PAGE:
Wednesday, February 23, 2011

What's the difference between "dB", "dBm", and "dBi" ?

I keep seeing people using the terms "dB", "dBm", and "dBi" interchangeably, when they actually mean very different things. So, here's a little background on the correct usage of the terms.

A dB is a RELATIVE measure of two different POWER levels. There's also dB relative to VOLTAGE levels, but I won't go into those, as we're mostly concerned with POWER levels in our discussions here. 3dB is twice (or half) as much, 6dB is four times, 10dB is ten times, and so on. The formula for calculating gain or loss in dB is: 10log P1/P2. It's used for stating the gain or loss of one device (P1) IN RELATION to another (P2). Thus, I can say that an amplifier has “30 dB of gain”, or I have “6dB total feedline loss”. I CANNOT say, “My amp puts out 30 dB”, or “I have a 24dB antenna”, as you must state what you're referencing it to, which is where the subscript comes in. The dB by itself is not an absolute number, but a ratio.

For amplifiers, a common reference unit is the dBm, with 0dBm being equal to 1 milliwatt. Thus, an amp with an output of 30dBm puts out 1 Watt. How much gain it has is a different matter entirely, and you can have two different amps, each with an output of 30dBm (1Watt), that have different gains, and require different levels of drive power to achieve their outputs. You can also have two different amps with the same gain that have different output powers.

There's also dBW (Referenced to 1 WATT), but you generally only use those when dealing with “Big Stuff”, as 30dBW is 1000w, and way beyond what we deal with here!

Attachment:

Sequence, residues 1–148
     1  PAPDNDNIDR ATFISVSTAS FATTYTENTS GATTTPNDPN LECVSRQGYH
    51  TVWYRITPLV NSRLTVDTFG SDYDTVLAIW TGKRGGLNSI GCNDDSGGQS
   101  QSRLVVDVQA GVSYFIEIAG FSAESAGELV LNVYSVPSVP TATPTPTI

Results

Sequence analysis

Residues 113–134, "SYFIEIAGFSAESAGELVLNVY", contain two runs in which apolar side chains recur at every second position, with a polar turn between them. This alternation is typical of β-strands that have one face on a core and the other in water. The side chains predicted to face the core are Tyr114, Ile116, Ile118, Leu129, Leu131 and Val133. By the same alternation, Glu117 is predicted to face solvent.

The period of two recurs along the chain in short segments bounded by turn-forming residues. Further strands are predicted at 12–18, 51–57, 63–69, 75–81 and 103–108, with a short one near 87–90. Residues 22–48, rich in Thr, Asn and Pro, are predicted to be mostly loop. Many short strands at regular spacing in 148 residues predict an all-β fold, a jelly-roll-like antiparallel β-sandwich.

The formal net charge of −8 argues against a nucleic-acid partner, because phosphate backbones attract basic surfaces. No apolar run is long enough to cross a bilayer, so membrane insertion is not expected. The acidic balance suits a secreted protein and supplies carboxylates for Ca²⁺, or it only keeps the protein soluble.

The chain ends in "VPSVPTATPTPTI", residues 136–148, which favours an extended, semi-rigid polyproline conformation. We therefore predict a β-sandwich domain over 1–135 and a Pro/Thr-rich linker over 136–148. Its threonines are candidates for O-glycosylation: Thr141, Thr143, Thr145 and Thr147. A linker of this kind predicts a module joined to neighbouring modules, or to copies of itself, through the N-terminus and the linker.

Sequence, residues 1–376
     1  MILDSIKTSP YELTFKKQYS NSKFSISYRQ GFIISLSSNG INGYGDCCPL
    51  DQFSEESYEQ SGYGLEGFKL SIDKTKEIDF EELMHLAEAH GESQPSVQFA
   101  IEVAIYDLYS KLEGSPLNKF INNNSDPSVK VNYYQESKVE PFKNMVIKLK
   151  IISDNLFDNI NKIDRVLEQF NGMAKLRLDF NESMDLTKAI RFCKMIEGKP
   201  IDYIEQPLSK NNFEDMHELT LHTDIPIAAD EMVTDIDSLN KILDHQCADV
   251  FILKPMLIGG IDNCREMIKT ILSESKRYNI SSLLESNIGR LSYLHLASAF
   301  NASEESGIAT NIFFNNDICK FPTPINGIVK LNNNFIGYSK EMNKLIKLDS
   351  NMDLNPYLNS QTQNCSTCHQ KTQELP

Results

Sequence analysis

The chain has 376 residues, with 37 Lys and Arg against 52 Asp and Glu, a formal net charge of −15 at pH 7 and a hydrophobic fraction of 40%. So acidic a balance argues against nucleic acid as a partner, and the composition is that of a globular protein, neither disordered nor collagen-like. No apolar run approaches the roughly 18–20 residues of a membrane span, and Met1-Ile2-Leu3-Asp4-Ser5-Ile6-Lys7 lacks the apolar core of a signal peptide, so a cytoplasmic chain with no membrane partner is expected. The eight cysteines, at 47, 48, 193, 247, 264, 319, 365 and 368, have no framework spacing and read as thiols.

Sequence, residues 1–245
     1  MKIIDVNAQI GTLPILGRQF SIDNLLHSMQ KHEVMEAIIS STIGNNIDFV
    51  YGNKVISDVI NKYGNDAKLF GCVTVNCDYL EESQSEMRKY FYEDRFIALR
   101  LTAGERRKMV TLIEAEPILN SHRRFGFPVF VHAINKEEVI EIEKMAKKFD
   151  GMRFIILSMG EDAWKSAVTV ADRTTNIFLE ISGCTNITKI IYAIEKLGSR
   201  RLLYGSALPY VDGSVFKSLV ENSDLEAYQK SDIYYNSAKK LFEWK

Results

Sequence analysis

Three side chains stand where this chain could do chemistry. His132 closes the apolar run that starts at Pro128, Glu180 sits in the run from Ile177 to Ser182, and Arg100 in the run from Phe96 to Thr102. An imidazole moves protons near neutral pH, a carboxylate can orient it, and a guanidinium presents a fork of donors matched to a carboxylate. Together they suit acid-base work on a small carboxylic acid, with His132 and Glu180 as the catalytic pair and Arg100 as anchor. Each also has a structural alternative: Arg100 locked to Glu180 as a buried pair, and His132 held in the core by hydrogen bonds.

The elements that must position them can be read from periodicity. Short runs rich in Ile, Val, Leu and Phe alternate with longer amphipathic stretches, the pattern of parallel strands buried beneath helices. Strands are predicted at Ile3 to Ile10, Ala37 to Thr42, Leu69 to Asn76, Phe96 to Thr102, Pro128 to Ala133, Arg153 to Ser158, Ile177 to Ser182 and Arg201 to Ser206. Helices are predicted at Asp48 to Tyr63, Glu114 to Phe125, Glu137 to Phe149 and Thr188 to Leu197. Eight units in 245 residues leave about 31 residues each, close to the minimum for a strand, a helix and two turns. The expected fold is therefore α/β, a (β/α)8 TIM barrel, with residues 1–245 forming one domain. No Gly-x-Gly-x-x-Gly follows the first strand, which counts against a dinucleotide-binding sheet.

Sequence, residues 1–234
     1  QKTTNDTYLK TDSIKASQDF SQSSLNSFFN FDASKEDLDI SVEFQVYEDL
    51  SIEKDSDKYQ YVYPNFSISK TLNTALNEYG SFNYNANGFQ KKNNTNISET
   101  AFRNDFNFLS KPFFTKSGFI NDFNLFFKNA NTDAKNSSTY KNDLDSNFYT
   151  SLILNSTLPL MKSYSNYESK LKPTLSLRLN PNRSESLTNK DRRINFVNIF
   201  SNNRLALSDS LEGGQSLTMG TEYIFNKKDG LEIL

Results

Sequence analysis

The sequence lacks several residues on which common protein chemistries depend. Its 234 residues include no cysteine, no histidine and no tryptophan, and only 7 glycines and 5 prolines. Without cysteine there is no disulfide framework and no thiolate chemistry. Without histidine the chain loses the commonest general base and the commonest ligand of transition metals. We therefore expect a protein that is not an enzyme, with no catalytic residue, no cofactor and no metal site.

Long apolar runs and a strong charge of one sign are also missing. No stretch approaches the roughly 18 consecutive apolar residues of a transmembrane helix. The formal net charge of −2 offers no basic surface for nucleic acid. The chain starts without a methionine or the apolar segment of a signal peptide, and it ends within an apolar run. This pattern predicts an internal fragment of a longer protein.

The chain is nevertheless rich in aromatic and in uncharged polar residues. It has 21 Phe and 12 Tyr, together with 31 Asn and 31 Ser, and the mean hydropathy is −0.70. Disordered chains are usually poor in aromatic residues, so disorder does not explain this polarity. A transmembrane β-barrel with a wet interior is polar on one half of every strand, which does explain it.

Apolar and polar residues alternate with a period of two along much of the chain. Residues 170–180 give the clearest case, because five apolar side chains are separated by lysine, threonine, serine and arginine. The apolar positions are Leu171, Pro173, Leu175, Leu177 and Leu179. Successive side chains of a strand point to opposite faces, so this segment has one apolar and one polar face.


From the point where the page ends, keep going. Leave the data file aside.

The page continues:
For antennas, a common reference unit is the dBi, which states the gain of an antenna as referenced to an ISOTROPIC source. An Isotropic source is the perfect omnidirectional radiator, a true “Point Source”, and does not exist in nature. It's useful for comparing antennas, as since it’s theoretical, it’s always the same. It's also 2.41 dB BIGGER than the next common unit of antenna gain, the dBd, and makes your antennas sound better in advertising. The dBd is the amount of gain an antenna has referenced to a DIPOLE antenna. A simple dipole antenna has a gain of 2.41dBi, and a gain of 0dBd, since we're comparing it to itself. 

If I say I have a “24dB antenna”, it means nothing, as I haven't told you what I referenced it to. It could be a 26.41dBi antenna (also 24dBd), or a 21.59dBd (also 24dBi) antenna, depending on what my original reference was. The difference is 4.81dB, a significant amount. Most antenna manufacturers have gotten away from playing this game, but the reference will be different in different fields. 


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